Viennese cappuccinoOK, presuming you’re in need of a sit down, you can walk from here to one of my favourite shopping malls, the Galleria Alberto Sordi. Inside you’ll find some classy shops, including the great toy store Imagnarium; and there’s also a wonderful café, which does the most fabulous Viennese cappuccino.

The PantheonNow you should be feeling restored enough to head for the Pantheon, which is set in an exceptionally picturesque square, and is over 2000 years old (if that doesn’t impress your kids, nothing will).

Inside the PantheonI’ve visited many times (it’s free to enter) and this time rain was coming through the hole in the ceiling, which is there by design, not accident; it was completely magical. Harriet was utterly enchanted.

Piazza NavonaAlso close by is the Piazza Navona, a stunning square with a beautiful fountain and lots of very reasonable pizzerias. It’s a really good place to eat at night with kids, there’s always a lot going on, and some dodgy fortune tellers. (And if you’re looking for really authentic Italian food and you’re staying a few days, go to Trastevere , where the Romans eat. Remember they eat late, so make the most of that siesta).

View from the Spanish StepsAnd from here you can walk to the Spanish Steps, which are fairly steep but easy enough to climb with lots of places for Mum/Dad/Aunty Liz to rest. It’s totally worth it, because once you’re at the top you’ll get a great view of the city. Spanish Steps, Rome

Via CondottiAfterwards, if you’re with anyone who loves gorgeous designer things *cough*, then head back down and stroll along the Via Condotti; this is where you’ll find Gucci, Armani, Prada, Chanel; it’s also where you’ll find the legendary Caffé Greco – great atmosphere, overpriced food and coffee, terrible service, but worth it for the experience. And Via Condotti really is the epicentre of Roman chic; although it started to pour with rain last week when we were there, we spotted an insanely attractive man wearing an expensive-looking navy suit, carrying a pure white umbrella *swoon*.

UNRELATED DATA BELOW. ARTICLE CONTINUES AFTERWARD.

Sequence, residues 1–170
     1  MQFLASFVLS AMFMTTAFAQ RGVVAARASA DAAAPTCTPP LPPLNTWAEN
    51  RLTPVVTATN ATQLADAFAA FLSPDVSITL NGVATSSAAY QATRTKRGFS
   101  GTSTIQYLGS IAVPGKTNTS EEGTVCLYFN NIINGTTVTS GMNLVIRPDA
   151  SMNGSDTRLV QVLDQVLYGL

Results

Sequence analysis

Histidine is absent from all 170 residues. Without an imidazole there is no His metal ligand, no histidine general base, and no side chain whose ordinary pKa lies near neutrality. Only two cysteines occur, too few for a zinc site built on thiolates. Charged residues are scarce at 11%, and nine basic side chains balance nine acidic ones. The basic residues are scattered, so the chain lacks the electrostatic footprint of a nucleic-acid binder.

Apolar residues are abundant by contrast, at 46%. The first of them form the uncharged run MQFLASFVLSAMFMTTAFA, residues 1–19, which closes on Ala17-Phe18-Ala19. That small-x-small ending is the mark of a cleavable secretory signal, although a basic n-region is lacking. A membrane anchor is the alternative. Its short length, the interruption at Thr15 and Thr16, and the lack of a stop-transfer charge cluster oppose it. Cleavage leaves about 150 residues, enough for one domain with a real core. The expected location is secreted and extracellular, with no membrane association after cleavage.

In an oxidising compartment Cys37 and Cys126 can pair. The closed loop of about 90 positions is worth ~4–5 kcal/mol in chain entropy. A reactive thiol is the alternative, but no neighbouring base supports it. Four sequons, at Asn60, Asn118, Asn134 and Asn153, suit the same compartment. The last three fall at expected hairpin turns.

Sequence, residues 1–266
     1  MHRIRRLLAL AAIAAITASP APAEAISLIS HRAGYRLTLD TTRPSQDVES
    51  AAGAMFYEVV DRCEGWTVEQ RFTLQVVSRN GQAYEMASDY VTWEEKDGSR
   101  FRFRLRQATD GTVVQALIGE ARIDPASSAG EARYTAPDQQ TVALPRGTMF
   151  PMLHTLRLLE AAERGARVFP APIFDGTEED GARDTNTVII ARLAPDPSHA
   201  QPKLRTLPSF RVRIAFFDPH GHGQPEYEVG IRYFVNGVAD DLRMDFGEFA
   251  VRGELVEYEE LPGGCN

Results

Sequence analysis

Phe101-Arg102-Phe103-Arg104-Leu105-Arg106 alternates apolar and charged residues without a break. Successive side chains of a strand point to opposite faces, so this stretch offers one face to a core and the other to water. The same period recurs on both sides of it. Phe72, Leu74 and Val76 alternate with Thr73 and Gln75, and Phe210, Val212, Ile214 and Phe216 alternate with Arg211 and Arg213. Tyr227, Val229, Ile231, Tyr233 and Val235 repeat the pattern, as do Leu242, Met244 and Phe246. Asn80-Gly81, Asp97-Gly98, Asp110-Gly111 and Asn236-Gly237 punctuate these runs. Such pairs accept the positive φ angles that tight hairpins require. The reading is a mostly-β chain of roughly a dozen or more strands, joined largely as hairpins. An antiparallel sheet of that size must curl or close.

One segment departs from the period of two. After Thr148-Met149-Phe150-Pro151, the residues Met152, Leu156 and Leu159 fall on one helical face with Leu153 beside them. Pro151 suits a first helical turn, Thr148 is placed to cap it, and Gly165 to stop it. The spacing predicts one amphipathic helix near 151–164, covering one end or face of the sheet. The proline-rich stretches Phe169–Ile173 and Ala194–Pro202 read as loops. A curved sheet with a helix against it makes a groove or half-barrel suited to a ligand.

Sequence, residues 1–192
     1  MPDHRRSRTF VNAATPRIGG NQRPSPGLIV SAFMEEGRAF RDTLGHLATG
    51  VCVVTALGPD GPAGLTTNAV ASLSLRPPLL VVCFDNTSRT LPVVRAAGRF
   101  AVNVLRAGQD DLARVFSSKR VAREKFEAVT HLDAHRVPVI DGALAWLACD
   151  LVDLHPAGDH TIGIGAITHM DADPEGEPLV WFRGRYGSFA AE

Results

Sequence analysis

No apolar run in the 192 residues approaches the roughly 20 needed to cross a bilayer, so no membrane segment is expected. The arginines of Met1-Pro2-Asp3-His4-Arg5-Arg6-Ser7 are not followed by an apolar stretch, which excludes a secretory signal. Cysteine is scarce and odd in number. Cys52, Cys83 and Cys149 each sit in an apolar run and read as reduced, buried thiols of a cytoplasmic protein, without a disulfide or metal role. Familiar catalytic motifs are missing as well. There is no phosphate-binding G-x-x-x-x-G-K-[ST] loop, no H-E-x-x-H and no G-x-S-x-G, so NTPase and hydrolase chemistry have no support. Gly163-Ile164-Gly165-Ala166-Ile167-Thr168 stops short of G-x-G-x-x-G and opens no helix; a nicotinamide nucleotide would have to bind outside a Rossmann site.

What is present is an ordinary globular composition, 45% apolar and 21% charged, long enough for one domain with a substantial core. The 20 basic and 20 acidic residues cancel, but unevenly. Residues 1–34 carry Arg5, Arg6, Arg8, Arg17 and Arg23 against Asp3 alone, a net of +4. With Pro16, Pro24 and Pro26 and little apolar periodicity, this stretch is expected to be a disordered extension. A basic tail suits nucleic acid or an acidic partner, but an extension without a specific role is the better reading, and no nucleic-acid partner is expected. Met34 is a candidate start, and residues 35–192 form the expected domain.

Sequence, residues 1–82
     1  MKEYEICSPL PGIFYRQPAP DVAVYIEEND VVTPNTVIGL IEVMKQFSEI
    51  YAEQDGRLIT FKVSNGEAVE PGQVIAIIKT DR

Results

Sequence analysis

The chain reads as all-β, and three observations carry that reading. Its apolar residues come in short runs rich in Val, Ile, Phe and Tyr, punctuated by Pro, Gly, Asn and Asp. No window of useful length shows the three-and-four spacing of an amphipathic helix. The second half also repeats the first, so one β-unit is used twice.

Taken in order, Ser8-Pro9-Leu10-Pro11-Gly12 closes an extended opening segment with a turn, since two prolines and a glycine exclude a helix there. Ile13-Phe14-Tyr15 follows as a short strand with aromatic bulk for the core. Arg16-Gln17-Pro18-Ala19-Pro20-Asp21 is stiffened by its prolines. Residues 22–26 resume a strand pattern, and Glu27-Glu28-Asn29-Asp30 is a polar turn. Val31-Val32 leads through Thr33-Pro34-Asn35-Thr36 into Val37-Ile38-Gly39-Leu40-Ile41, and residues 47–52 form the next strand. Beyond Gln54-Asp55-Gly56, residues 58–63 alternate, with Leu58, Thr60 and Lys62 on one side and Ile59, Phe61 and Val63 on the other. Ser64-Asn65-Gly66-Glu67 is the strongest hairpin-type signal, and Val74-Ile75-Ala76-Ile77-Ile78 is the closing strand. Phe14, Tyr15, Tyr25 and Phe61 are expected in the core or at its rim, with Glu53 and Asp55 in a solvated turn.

River TiberWhen you’ve finished on the Via Condotti, it’s a fairly straightfoward walk to Vatican City (allow 45 mins), and it’s gorgeous on the banks of the River Tiber; or you can take the bus, which is an interesting experience (bumpy, noisy, crowded, very Italian).

Vatican CityIf you want to see the Pope, and A LOT of people, then the best day to visit is Sunday, at midday, because that’s when he’ll appear on the balcony and make his speech; it’s a bit like being at a One Direction gig (I’m guessing), there are so many screaming girls and banners. Alternatively, visit in the week and it won’t be nearly as busy. If you want to go inside, though, this can be slightly more complicated (and expensive). I still haven’t managed to see the Sistine Chapel, but I did throw more coins in the Trevi last week, so, next time.